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Sheldon Cottrell’s salute celebration – the backstory

In the 1970s and 80s, West Indies were the ruling empire of cricket. Soon enough, their grip loosened and other teams caught up. But in one aspect, the West Indians have always remained at the top – celebrations. For years, the Caribbean boys have been the trendsetters when it comes to celebrating a milestone. The likes of Chris Gayle, Dwayne Bravo, Kesrick Williams are a few famous names in this field. One of the most discussed West Indians in this regard is the pace bowler Sheldon Cottrell.

Cottrell is a left-arm bowler who hails from Jamaica. The 29-year old bowler is playing in his maiden World Cup and is making news with his every move. Cottrell took a stunning catch at the boundary yesterday to dismiss Steven Smith. But the most talked-about point about him is obviously his celebration after taking a wicket. The bowler breaks into a soldier’s march and ends it with a flourishing salute. The most interesting part is that this unique celebration has a backstory.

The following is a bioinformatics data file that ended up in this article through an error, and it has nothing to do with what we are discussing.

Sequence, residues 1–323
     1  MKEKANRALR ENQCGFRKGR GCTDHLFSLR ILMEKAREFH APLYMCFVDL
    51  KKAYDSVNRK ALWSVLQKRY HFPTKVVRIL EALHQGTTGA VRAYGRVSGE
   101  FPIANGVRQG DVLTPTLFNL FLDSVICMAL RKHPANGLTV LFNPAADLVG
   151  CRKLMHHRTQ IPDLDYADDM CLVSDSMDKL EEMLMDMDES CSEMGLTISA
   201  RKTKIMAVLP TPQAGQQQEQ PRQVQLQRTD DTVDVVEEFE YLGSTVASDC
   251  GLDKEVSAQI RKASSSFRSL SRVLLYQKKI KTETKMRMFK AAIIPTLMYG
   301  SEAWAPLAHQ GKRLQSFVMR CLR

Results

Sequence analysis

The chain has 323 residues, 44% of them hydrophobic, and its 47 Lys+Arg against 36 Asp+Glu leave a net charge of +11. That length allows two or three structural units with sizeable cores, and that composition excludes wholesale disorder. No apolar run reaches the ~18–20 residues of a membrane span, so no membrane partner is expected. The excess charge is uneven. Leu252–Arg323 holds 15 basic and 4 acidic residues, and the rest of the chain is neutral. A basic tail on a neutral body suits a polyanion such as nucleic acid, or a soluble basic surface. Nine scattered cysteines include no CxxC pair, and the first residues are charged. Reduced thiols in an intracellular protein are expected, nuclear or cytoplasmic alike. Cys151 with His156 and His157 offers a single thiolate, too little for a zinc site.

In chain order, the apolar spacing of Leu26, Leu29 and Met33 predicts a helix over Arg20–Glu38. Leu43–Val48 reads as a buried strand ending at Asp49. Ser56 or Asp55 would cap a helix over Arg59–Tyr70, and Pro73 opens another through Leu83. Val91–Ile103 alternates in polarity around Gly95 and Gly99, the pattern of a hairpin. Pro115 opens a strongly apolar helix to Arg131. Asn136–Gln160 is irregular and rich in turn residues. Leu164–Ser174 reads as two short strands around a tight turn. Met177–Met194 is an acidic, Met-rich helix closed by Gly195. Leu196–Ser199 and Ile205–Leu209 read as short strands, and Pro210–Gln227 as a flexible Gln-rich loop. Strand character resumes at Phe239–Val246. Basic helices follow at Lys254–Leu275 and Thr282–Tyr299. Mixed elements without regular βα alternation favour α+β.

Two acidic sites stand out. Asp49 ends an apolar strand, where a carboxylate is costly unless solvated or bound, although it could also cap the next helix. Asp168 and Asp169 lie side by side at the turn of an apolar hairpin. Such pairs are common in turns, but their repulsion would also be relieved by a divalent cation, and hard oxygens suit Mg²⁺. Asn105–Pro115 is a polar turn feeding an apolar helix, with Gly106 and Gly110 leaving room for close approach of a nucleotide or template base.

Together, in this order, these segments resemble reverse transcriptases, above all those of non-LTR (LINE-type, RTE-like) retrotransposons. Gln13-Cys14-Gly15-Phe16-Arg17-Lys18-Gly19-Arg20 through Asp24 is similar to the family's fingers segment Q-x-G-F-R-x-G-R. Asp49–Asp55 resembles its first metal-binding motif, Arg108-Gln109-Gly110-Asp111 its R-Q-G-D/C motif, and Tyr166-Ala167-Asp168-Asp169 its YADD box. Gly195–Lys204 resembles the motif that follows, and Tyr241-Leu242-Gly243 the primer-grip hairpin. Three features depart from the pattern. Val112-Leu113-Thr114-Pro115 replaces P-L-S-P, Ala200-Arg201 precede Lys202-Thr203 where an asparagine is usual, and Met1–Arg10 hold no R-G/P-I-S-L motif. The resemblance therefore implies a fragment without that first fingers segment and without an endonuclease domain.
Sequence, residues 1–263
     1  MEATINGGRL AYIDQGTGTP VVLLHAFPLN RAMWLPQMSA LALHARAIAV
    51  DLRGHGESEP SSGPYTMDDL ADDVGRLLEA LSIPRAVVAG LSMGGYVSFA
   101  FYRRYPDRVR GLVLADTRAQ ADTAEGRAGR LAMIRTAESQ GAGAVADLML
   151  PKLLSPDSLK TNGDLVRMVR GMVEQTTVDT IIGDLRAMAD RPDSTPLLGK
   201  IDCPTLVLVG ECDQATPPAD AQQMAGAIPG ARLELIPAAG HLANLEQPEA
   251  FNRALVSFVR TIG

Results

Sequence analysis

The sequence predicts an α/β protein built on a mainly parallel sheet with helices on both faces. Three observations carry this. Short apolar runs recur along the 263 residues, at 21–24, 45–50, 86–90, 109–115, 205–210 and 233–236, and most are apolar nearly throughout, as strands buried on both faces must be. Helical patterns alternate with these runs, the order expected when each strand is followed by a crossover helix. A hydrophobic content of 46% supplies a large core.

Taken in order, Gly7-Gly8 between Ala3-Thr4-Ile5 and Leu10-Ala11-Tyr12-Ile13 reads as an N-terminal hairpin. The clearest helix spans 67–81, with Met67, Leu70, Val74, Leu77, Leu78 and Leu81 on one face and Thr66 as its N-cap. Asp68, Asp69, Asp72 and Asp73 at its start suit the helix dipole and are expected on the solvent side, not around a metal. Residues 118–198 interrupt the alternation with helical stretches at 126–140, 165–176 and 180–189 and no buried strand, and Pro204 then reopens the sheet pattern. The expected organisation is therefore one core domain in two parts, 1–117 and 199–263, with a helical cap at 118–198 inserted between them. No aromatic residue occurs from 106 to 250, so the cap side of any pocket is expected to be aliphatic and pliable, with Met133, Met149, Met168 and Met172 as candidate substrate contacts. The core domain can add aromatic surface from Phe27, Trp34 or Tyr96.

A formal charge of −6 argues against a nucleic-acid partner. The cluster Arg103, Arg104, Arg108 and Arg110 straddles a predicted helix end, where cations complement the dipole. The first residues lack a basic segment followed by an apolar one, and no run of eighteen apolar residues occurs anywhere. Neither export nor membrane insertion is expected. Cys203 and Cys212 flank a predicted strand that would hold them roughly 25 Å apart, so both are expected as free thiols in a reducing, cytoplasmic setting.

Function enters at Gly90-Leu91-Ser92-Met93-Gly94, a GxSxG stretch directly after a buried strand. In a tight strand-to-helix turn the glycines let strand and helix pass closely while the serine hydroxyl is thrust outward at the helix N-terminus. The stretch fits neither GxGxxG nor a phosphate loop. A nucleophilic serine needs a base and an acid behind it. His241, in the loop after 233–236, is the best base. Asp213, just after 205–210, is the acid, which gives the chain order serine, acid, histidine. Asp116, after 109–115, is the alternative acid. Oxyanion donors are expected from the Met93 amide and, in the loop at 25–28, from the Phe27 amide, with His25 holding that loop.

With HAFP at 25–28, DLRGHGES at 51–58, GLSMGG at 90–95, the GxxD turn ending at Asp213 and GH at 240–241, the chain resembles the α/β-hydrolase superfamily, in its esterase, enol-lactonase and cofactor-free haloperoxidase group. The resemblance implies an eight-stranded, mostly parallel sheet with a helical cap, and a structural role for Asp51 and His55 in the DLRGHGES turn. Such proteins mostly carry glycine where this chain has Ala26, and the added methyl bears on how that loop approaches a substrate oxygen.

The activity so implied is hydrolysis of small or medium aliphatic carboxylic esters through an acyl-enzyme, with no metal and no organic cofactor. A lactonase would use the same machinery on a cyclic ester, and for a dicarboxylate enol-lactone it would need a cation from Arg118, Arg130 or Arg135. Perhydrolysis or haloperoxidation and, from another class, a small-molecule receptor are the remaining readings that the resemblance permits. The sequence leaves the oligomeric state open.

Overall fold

Speaking to BBC earlier this year, Cottrell explained, “It’s a military-style salute. I’m a soldier by profession. Me saluting is just to show my respect to the Jamaica Defence Force.  I do it every time I get a wicket. I practised it for six months when I was training in the army.”

Cottrell made his international debut in the Kolkata Test against India in 2013. He was in and out of the team until he established himself in the side recently. His best bowling figures in ODIs (5/46) were recorded against England at Bridgetown in February this year.

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